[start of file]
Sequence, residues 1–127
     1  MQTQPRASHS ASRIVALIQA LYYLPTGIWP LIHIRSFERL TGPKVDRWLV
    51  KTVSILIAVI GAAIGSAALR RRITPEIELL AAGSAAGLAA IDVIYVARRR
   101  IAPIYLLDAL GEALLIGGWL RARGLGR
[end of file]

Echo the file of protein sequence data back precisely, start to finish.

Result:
Sequence, residues 1–127
     1  MQTQPRASHS ASRIVALIQA LYYLPTGIWP LIHIRSFERL TGPKVDRWLV
    51  KTVSILIAVI GAAIGSAALR RRITPEIELL AAGSAAGLAA IDVIYVARRR
   101  IAPIYLLDAL GEALLIGGWL RARGLGR